MERCHANT SHIPS MAY FIRE ON SIGHT & WITHOUT WARNING
Washington, D.C. (JFK+50) 100 years ago today, March 10, 1917, a Wilson administration official said...
"If arms are not sufficient to protect American ships from unlawful attacks by German submarines, it will be necessary to adopt more forceful measures."
The "forceful measures" discussed within President Wilson's cabinet included sending American submarines to join Allied forces.
Arthur Sears Henning* wrote in The Chicago Sunday Tribune of March 11th that the President was well aware of the "grave possibility, if not...probability" of war with Germany.
According to Mr. Henning, the proximity of a German submarine to an armed American merchant ship would be considered sufficient to "fire on sight" and "without warning." It would still be a few days until armed American merchant ships would take to the seas.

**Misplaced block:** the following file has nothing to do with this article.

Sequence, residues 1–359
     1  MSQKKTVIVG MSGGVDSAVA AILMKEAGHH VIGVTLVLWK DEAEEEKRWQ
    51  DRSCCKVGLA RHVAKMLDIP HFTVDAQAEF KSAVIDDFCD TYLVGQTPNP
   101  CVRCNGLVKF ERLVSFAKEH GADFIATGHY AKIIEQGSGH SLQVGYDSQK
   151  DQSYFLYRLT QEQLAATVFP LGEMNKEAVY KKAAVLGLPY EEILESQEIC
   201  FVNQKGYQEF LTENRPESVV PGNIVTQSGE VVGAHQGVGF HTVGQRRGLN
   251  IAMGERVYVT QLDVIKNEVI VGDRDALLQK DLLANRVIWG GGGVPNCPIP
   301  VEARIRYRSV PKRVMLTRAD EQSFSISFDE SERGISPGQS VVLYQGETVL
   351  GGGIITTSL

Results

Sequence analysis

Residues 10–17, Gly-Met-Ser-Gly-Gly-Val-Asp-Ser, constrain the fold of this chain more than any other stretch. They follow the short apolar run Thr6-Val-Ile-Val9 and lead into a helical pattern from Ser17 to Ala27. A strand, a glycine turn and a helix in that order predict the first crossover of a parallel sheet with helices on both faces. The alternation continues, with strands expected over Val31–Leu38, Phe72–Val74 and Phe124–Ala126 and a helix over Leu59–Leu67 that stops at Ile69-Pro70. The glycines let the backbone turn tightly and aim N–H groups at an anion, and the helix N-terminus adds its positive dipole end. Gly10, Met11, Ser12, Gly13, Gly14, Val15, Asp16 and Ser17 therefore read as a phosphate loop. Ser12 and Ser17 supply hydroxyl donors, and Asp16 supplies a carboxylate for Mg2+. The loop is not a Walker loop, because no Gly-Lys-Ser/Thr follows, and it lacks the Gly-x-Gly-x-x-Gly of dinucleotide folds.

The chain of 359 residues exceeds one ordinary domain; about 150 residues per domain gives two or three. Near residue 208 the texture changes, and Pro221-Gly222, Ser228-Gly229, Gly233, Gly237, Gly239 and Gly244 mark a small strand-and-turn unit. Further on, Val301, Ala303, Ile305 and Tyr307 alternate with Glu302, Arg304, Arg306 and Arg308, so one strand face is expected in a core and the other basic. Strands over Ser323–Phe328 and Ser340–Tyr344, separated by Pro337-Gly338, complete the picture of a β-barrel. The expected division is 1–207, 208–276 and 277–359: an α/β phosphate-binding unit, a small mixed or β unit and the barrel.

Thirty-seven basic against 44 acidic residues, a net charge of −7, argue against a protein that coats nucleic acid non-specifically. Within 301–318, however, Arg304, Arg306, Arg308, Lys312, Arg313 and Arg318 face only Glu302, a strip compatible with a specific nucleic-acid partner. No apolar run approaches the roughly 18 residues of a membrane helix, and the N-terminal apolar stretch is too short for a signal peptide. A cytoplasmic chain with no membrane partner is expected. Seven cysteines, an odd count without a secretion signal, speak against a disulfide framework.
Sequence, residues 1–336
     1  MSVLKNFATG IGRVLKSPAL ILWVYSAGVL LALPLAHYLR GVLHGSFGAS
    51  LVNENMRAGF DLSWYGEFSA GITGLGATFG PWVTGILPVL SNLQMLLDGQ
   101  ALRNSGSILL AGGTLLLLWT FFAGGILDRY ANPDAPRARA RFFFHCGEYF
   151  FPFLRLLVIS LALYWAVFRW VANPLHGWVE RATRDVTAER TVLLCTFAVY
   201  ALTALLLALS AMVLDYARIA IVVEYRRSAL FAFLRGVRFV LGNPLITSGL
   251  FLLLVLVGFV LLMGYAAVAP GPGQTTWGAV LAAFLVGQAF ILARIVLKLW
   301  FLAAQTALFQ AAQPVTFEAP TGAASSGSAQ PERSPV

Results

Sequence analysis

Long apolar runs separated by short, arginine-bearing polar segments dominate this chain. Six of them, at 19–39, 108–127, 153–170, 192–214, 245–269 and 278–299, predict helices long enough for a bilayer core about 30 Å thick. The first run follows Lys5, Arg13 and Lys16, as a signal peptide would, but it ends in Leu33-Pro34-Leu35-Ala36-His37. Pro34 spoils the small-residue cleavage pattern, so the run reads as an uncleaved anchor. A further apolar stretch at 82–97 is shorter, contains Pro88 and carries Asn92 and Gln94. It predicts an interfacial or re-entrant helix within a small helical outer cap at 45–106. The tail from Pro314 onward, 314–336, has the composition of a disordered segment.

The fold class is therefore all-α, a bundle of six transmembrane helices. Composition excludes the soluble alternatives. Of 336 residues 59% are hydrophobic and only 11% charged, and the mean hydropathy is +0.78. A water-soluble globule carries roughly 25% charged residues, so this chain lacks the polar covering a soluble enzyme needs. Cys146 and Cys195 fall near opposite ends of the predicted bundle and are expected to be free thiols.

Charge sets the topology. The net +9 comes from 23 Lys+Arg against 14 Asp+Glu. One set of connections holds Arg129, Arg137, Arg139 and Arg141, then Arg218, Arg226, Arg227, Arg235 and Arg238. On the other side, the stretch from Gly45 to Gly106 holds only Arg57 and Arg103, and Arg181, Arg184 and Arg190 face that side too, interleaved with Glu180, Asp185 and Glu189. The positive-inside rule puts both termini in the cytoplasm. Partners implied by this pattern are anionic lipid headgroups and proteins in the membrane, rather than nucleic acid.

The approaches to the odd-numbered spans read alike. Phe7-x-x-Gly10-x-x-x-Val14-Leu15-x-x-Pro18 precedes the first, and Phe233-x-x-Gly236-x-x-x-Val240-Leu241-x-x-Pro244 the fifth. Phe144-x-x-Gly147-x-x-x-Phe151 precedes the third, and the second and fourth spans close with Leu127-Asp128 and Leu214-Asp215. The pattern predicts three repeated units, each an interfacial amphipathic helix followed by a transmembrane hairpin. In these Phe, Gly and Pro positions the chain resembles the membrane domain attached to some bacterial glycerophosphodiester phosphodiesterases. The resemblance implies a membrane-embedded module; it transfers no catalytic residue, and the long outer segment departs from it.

*Arthur Sears Henning (1876-1966) passed up a college degree to take a position with the Chicago Tribune in 1899. He was assigned to the paper's Washington bureau in 1909 & became head of the bureau in 1914.
ASH covered 24 Republican & Democratic national conventions as well as the Bull Moose convention of 1912. He became friend of 9 US Presidents of which he liked Calvin Coolidge the best but rated TR, Wilson & FDR as outstanding.
ASH retired as bureau chief in 1949 & upon his death was described as one of the great newspaper men of his time, the dean of Washington correspondents.
"Fire On Sight Orders Issued To US Ships," by Arthur Sears Henning, March 11, 1917, The Chicago Sunday Tribune, www.archives.chicagotribune.com/
"Tribune's Arthur Sears Henning Dead at 89," The Chicago Tribune, January 22, 1966, www.archives.chicagotribune.com/